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Showing posts from August, 2012

All Things are Now Ready

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In Jesus’ parable of the Great Banquet, the servant is sent out to gather the invited guests saying, “Come for all things are now ready” (Luke 14:17 KJV). Over the years I have heard various pastors invite their members to communion by saying, “Come, for all things are now ready.” It is with those same words that you are invited to partake of the banquet feast of the Lord’s Supper – Every Sunday – “Come, for all things are now ready.”
This summer we have studied the doctrine of the Lord’s Supper in our Sunday morning Bible classes. Since May we have been reading articles on the Lord’s Supper in our congregation’s monthly newsletter – The Flash. We have discussed having Every Sunday Communion in our Worship Committee, on the Church Council and in a Voters meeting. I have had many members talk to me about their excitement at being able to receive the Lord’s Supper every Sunday. All things are now ready.
Let’s review. Why are we offering Holy Communion so often? The answer is simple. The L…

Seven Benefits of a Gift Annuity

If you would like to support EpiphanyLutheranChurch while ensuring you still have a source of income, there’s rarely been a better time to obtain a charitable gift annuity through WELS Foundation. Low interest rates and roller coaster markets are causing people to think twice about their financial decisions, and to consider the seven benefits of a gift annuity:

1.Attractive Rates. When you compare our gift annuity rates with what you might receive from a certificate of deposit you will likely be pleasantly surprised. Note that rates are slightly lower when the annuity is for two persons. WELS Foundation uses the rates recommended by the American Council on Gift Annuities.
2.Regular Payments. When you establish your gift annuity, you receive your payments regularly on a specific, predetermined date, which is comforting and also helpful for planning purposes.
3.Fixed Income. Your payment rate will be locked in at the time you obtain your gift annuity. It will not rise or fall with the econ…

The Bread of Life that overcomes spiritual eating disorders

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John 6:51 I am the living bread that came down from heaven. If anyone eats of this bread, he will live forever. This bread is my flesh, which I will give for the life of the world." 52 Then the Jews began to argue sharply among themselves, "How can this man give us his flesh to eat?" 53 Jesus said to them, "I tell you the truth, unless you eat the flesh of the Son of Man and drink his blood, you have no life in you. 54 Whoever eats my flesh and drinks my blood has eternal life, and I will raise him up at the last day. 55 For my flesh is real food and my blood is real drink. 56 Whoever eats my flesh and drinks my blood remains in me, and I in him. 57 Just as the living Father sent me and I live because of the Father, so the one who feeds on me will live because of me. 58 This is the bread that came down from heaven. Your forefathers ate manna and died, but he who feeds on this bread will live forever."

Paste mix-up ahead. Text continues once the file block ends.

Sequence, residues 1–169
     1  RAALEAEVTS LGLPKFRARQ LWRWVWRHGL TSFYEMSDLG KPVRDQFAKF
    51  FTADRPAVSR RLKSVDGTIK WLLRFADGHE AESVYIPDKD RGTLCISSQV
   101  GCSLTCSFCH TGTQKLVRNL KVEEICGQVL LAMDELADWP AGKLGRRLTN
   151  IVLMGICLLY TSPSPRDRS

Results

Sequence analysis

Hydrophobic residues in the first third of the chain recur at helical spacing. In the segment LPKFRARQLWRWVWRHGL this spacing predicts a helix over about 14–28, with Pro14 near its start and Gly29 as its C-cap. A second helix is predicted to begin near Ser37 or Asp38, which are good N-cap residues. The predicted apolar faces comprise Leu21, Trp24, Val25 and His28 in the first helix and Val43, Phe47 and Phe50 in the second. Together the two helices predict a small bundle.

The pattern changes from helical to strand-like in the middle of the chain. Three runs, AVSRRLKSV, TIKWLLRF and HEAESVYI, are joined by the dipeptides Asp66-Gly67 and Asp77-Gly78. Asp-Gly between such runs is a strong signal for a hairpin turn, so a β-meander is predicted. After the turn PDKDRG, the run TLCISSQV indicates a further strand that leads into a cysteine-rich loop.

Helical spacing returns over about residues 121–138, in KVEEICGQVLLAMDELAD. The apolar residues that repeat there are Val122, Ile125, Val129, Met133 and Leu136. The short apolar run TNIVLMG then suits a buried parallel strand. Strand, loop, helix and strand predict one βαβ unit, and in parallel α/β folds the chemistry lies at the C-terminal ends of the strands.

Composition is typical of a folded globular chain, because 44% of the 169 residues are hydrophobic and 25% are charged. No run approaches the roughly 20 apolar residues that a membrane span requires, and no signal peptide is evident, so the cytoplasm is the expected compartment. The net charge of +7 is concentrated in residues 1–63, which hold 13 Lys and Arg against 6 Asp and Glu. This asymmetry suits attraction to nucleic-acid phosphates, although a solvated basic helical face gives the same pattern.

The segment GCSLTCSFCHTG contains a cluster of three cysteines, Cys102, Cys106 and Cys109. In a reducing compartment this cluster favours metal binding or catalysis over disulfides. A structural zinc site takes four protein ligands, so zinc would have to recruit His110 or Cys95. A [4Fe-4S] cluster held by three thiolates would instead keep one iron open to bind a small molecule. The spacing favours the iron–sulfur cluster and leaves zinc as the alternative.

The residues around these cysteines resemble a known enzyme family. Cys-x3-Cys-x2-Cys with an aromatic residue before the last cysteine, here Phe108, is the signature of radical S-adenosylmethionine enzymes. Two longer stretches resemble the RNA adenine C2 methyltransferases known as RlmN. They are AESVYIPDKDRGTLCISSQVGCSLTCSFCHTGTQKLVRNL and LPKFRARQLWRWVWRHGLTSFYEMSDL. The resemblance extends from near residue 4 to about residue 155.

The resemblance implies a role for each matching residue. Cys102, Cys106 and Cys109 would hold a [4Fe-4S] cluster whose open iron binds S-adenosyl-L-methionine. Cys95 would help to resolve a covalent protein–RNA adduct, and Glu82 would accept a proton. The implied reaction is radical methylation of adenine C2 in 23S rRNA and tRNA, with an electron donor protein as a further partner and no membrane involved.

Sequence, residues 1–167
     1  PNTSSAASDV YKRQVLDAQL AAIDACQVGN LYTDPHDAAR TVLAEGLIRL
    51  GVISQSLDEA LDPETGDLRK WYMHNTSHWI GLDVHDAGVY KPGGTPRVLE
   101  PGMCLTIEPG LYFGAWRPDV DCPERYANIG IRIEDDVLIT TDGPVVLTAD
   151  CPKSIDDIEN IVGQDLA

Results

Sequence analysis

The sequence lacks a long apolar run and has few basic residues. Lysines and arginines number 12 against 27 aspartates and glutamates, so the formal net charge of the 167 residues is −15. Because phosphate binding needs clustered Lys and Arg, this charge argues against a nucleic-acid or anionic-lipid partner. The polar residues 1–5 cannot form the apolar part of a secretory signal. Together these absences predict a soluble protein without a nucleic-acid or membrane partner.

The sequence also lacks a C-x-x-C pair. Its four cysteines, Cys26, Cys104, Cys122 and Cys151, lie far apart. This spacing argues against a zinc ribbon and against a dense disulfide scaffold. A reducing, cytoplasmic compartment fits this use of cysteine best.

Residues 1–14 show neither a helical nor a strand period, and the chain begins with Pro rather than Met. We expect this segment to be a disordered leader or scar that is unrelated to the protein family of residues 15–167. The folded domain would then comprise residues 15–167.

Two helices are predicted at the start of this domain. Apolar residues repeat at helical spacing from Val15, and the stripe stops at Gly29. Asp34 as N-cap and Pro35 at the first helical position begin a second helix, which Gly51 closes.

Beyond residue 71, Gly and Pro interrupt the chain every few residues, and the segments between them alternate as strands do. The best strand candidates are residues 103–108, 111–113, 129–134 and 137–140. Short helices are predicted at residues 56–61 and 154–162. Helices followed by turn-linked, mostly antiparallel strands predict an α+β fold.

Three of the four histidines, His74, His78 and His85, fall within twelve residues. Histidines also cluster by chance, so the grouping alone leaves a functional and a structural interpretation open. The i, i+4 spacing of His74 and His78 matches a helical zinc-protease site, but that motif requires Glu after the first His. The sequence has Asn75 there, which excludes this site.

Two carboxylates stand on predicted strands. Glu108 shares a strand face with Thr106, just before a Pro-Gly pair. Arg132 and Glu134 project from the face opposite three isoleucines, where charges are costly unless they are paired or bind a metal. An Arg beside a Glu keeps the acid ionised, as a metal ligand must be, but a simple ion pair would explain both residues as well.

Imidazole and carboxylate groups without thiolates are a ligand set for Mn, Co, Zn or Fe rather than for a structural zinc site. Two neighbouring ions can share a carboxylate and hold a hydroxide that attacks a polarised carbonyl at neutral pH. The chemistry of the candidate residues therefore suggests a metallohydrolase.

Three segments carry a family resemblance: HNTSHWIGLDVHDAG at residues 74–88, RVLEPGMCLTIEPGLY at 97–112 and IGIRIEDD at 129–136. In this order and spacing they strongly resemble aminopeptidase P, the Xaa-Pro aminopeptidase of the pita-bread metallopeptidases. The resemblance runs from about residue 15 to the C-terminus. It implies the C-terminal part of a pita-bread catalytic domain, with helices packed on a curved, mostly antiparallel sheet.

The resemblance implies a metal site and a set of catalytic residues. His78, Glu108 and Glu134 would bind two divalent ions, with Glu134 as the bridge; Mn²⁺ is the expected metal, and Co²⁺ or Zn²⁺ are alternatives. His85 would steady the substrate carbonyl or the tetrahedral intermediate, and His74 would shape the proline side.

Anorexia and bulimia are eating disorders where a person is …

Enough For The Job

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So all the skilled craftsmen who were doing all the work on the sanctuary left their work 5 and said to Moses, "The people are bringing more than enough for doing the work the LORD commanded to be done." 6 Then Moses gave an order and they sent this word throughout the camp: "No man or woman is to make anything else as an offering for the sanctuary." And so the people were restrained from bringing more, 7 because what they already had was more than enough to do all the work. 8 All the skilled men among the workmen made the tabernacle with ten curtains of finely twisted linen and blue, purple and scarlet yarn, with cherubim worked into them by a skilled craftsman. (Exodus 36:4-8)

Have you ever heard someone say, “The only difference between men and boys is the price of their toys?”
The Porsche car company is hoping that expression is correct. You see, Porsche has a new sports car prototype that not only has impressive performance, but it also achieves excellent fuel e…

What is the Sacrament of the Altar?

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What is the Sacrament of the Altar? It is the true body and blood of our Lord Jesus Christ under the bread and wine, instituted by Christ Himself for us Christians to eat and to drink. (The Small Catechism, The Sacrament of the Altar)